Amanda N. D. Freeman
Introduction. Although perches have been shown to enhance seed dispersal into revegetation sites, the efficacy of providing a water source to attract seed dispersers is largely untested. In a Griffith University-led study aimed at “kick-starting” conversion of pasture to forest www.wettropics.gov.au/cfoc , bird-attracting structures that included a perch and water trough at the base were shown to enhance frugivore-assisted seed dispersal. A complementary study in the same sites has identified the seeds of over 40 bird dispersed species deposited in the water troughs (Amanda Freeman; The School for Field Studies, Centre for Rainforest Studies (SFS-CRS) and Griffith University; 2012-2014, unpublished data). Although the water troughs demonstrably attracted frugivorous birds, most notably Pied Currawongs (Strepera graculina ) using the water to regurgitate, any seeds regurgitated into troughs would be unavailable to germinate (Fig 1.).Preliminary trial. Using a commercially available automatic waterer used for poultry, we designed a water point with a water dispenser that is too small for birds to regurgitate or defecate into, allowing expelled seed to fall to the ground. The device is also simple and relatively cheap to build (<$100 Australian). Once installed, the device requires little attention because the water remains cool and evaporation is minimal so the water may last several months without replenishing. The waterer, a plastic container which distributes water to a small dish by the action of a float, sits on a sturdy metal base 1.5m high. The base has a perch allowing birds of different sizes to access the water from several angles and an attachment for a camera to enable bird visits to be monitored. We envisage that the water point may facilitate seed dispersal by attracting frugivorous birds that will regurgitate and/or defecate at or near the water point.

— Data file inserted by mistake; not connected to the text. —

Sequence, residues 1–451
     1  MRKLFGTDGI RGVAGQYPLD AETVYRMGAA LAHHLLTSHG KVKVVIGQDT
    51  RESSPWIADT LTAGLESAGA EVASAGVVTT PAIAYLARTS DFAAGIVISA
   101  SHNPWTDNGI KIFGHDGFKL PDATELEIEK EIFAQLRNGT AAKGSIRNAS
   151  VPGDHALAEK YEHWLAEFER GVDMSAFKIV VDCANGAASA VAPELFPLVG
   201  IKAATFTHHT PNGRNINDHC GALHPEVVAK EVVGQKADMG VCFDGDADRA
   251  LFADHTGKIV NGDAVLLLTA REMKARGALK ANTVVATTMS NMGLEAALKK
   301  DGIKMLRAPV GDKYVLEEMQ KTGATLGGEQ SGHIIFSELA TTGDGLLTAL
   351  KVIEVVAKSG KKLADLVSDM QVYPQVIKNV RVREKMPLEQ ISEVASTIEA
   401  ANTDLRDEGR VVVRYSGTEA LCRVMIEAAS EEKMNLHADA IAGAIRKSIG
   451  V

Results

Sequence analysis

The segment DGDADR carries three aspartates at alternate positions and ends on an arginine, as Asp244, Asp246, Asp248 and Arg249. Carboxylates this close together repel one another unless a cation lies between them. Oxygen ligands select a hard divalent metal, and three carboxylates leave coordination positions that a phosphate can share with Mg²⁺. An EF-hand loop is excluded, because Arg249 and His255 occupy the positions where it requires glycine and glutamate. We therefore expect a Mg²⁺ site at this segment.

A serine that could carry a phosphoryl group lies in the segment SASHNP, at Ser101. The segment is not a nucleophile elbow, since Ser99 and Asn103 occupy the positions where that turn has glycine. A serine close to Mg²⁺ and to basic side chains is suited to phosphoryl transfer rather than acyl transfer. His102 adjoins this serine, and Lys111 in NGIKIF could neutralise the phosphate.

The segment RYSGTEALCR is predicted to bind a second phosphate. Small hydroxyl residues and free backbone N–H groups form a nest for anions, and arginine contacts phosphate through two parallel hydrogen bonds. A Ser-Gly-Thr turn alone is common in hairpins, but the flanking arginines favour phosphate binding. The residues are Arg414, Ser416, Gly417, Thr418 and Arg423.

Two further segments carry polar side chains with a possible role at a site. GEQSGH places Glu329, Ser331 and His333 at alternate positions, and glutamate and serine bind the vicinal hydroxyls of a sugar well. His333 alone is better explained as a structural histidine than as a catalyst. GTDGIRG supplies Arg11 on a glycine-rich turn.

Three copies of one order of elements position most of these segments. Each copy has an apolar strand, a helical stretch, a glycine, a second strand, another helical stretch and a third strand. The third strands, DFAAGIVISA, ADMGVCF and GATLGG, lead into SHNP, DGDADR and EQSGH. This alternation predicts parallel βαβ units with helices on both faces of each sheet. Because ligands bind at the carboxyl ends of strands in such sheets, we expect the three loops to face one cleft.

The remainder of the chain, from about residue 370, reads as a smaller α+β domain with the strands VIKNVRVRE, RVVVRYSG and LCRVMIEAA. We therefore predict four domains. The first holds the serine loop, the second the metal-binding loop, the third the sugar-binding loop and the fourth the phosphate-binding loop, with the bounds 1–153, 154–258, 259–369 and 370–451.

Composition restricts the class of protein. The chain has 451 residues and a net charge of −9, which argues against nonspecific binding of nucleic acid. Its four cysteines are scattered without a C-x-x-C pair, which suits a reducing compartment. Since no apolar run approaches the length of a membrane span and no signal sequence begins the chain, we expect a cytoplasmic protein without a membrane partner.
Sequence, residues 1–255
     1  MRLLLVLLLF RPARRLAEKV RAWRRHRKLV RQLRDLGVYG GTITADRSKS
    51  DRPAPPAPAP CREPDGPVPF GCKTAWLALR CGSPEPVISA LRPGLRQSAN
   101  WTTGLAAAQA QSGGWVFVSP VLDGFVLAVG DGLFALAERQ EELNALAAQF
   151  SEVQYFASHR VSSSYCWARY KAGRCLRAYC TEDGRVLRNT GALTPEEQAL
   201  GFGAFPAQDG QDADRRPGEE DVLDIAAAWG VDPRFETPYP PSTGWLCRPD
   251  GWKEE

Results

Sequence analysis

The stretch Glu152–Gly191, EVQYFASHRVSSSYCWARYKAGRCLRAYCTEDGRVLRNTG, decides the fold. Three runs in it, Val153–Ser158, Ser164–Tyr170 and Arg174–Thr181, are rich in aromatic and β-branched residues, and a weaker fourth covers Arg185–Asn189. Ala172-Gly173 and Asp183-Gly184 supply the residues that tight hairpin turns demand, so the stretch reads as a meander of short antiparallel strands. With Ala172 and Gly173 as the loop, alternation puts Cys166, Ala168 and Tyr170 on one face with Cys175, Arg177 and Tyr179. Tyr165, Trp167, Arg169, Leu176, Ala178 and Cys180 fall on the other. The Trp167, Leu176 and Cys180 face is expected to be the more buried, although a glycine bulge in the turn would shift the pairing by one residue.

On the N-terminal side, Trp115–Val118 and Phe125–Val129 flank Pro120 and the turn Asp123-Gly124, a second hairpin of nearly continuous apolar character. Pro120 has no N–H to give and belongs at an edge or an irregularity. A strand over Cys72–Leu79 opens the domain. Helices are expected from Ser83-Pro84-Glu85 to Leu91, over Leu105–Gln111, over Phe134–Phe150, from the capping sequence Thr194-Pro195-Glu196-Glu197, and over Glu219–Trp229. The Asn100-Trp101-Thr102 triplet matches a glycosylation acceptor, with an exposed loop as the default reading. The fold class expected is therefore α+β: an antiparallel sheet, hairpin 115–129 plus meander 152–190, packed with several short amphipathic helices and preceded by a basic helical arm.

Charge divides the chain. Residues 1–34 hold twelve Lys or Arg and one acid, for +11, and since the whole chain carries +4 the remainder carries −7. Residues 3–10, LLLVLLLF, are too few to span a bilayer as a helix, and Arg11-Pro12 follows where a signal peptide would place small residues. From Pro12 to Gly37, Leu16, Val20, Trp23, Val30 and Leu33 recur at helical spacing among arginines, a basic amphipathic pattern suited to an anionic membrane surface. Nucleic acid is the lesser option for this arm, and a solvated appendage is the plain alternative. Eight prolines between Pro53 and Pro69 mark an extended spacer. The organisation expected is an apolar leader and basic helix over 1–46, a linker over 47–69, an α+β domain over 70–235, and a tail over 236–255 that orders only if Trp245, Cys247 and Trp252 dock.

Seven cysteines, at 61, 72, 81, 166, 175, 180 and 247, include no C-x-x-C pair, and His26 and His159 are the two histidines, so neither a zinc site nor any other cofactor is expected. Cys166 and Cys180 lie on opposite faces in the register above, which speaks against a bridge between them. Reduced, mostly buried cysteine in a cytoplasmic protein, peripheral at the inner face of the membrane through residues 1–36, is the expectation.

We conducted an initial trial at a revegetation site at SFS-CRS in February 2016. For this trial we baited the water point with Kiwi Fruit (Actinidia sp.) but this was soon consumed by insects. During the trial we recorded two species of fruit-dispersing bird, Pied Currawong and Lewin’s Honeyeater (Meliphaga lewinii) using our prototype water point within one month of its installation in (Fig 2.).
Design of second trial. In July 2016 we established a small trial at SFS-CRS to test the relative efficacy of perches alone versus perches coupled with our water point device in facilitating seed dispersal into cleared sites that lack remnant or planted trees. We have nine fenced 3m2 plots in ungrazed former pasture, 15m from the edge of primary rainforest (Fig 3.). Six plots have a perch, 3-4m high, cut to standard form from Sarsaparilla (Alphitonia petriei) trees. Three of these plots also have a water point placed close to the base of the perch and a camera monitoring visits to the water. Three plots have no structures.
Grass in all plots will be suppressed by herbicide spray (on an ‘as needed’ basis) and seedling recruitment in the plots will be monitored. In the first three months, no birds have been recorded using the water points in the trial plots.
Contact: Amanda Freeman, Centre Director, The School for Field Studies, Centre for Rainforest Studies, PO Box 141, Yungaburra, QLD 4884, Tel: +61 (7) 40953656; Email: firstname.lastname@example.org